2 m. from Ennistimon on Liscannor Bay, and near the interesting cliffs of Moher, has a magnificent beach. Kilkee is the most fashionable watering-place on the western coast of Ireland; and Kilrush on the Shannon estuary is also favoured.
Industries.—The soil and surface of the county are in general better adapted for grazing than for tillage, and the acreage devoted to the former consequently exceeds three times that of the latter. Agriculture is in a backward state, and not a fifth of the total area is under cultivation, while the acreage shows a decrease even in the principal crops of oats and potatoes. Cattle, sheep, poultry and pigs, however, all receive considerable attention. Owing to the mountainous nature of the county nearly one-seventh of the total area is quite barren.
There are no extensive manufactures, although flannels and friezes are made for home use, and hosiery of various kinds, chiefly coarse and strong, is made around Ennistimon and other places. There are several fishing stations on the coast, and cod, haddock, ling, sole, turbot, ray, mackerel and other fish abound, but the rugged nature of the coast and the tempestuous sea greatly hinder the operations of the fishermen. Near Pooldoody is the great Burren oyster bed called the Red Bank, where a large establishment is maintained, from which a constant supply of the excellent Red Bank oysters is furnished to the Dublin and other large markets. Crabs and lobsters are caught on the shores of the Bay of Galway in every creek from Black Head to Ardfry. In addition to the Shannon salmon fishery mentioned above, eels abound in every rivulet, and form an important article of consumption.
The Great Southern & Western railway line from Limerick to Sligo intersects the centre of the county from north to south. From Ennis on this line the West Clare railway runs to Ennistimon on the coast, where it turns south and follows the coast by Milltown Malbay to Kilkee and Kilrush. Killaloe in the east of the county is the terminus of a branch of the Great Southern & Western railway.
Population and Administration.—The population (126,244 in 1891; 112,334 in 1901; almost wholly Roman Catholic and rural) shows a decrease among the most serious of the Irish counties, and the emigration returns are proportionately heavy. The principal towns, all of insignificant size, are Ennis (pop. 5093, the county town), Kilrush (4179), Kilkee (1661) and Killaloe (885); but several of the smaller settlements, as resorts, are of more than local importance. The county, which is divided into 11 baronies, contains 79 parishes, and includes the Protestant diocese of Kilfenora, the greater part of Killaloe, and a very small portion of the diocese of Limerick. It is within the Roman Catholic dioceses of Killaloe and Limerick. The assizes are held at Ennis, and quarter sessions here and at Ennistimon, Killaloe, Kilrush and Tulla. The county is divided into the East and West parliamentary divisions, each returning one member.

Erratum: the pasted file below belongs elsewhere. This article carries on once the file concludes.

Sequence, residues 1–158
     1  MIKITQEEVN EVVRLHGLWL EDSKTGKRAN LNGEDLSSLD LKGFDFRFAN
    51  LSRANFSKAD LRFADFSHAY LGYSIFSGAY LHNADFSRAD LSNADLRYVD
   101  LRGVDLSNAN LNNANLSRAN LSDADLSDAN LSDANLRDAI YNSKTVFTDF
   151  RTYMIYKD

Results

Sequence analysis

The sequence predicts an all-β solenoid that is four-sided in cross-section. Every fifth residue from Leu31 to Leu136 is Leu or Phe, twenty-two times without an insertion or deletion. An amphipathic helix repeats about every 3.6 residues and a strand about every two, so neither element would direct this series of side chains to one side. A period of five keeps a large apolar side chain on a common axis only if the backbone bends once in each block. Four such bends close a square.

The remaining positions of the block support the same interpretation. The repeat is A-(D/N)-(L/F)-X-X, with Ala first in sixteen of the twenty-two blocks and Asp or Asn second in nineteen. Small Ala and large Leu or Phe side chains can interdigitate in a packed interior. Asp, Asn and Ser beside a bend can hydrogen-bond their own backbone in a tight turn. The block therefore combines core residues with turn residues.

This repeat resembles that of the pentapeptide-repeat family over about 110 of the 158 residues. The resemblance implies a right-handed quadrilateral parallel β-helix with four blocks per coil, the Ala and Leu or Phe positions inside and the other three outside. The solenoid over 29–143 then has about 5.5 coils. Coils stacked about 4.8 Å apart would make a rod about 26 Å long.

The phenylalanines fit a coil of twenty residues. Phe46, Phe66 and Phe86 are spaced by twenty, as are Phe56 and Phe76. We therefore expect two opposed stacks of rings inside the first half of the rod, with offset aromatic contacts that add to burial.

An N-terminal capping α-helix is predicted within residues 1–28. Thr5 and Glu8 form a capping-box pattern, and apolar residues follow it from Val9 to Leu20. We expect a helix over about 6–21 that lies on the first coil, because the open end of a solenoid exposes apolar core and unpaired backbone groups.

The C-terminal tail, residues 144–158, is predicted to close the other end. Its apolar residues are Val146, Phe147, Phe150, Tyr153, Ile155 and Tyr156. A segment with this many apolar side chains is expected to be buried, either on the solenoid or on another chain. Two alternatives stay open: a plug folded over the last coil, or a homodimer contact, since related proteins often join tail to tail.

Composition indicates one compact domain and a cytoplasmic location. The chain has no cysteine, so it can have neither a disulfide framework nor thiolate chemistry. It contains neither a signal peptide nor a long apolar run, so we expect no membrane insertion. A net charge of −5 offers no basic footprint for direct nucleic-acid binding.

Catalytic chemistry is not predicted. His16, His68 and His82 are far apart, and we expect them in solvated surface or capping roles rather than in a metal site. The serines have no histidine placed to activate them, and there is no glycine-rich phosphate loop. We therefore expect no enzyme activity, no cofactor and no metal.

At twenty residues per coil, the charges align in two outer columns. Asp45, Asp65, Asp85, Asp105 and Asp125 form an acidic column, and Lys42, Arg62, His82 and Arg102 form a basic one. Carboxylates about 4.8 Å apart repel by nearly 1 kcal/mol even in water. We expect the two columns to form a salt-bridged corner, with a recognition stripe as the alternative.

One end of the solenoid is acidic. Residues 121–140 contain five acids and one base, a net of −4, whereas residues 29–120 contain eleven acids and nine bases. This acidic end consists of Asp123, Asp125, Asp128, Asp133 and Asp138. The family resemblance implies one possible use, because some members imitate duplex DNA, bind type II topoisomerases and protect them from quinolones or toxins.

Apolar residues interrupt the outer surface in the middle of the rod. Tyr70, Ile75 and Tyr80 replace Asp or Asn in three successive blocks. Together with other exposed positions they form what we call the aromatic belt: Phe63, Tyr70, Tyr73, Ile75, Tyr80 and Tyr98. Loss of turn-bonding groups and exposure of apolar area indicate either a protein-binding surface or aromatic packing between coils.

History.—This county, together with part of the neighbouring district, was anciently called Thomond, that is, North Munster, and formed part of the monarchy of the celebrated Brian Boroihme, who held his court at Kincora near Killaloe, where his palace was situated on the banks of the Shannon. The site is still distinguished by extensive earthen ramparts. Settlements were effected by the Danes, and in the 13th century by the Anglo-Normans, but without permanently affecting the possession of the district by its native proprietors. In 1543 Murrogh O’Brien, after dispossessing his nephew and vainly attempting a rebellion against the English rule, proceeded to England and submitted to Henry VIII., resigning his name and possessions. He soon received them back by an English tenure, together with the title of earl of Thomond, on condition of adopting the English dress, manners and customs. In 1565 this part of Thomond (sometimes called O’Brien’s country) was added to Connaught, and made one of the six new counties into which that province was divided by Sir Henry Sidney. It was named Clare, the name being traceable either to Richard de Clare (Strongbow), earl of Pembroke, or to his younger brother, Thomas de Clare, who obtained a grant of Thomond from Edward I. in 1276, and whose family for some time maintained a precarious position in the district. Towards the close of the reign of Elizabeth, Clare was detached from the government of Connaught and given a separate administration; but at the Restoration it was reunited to Munster.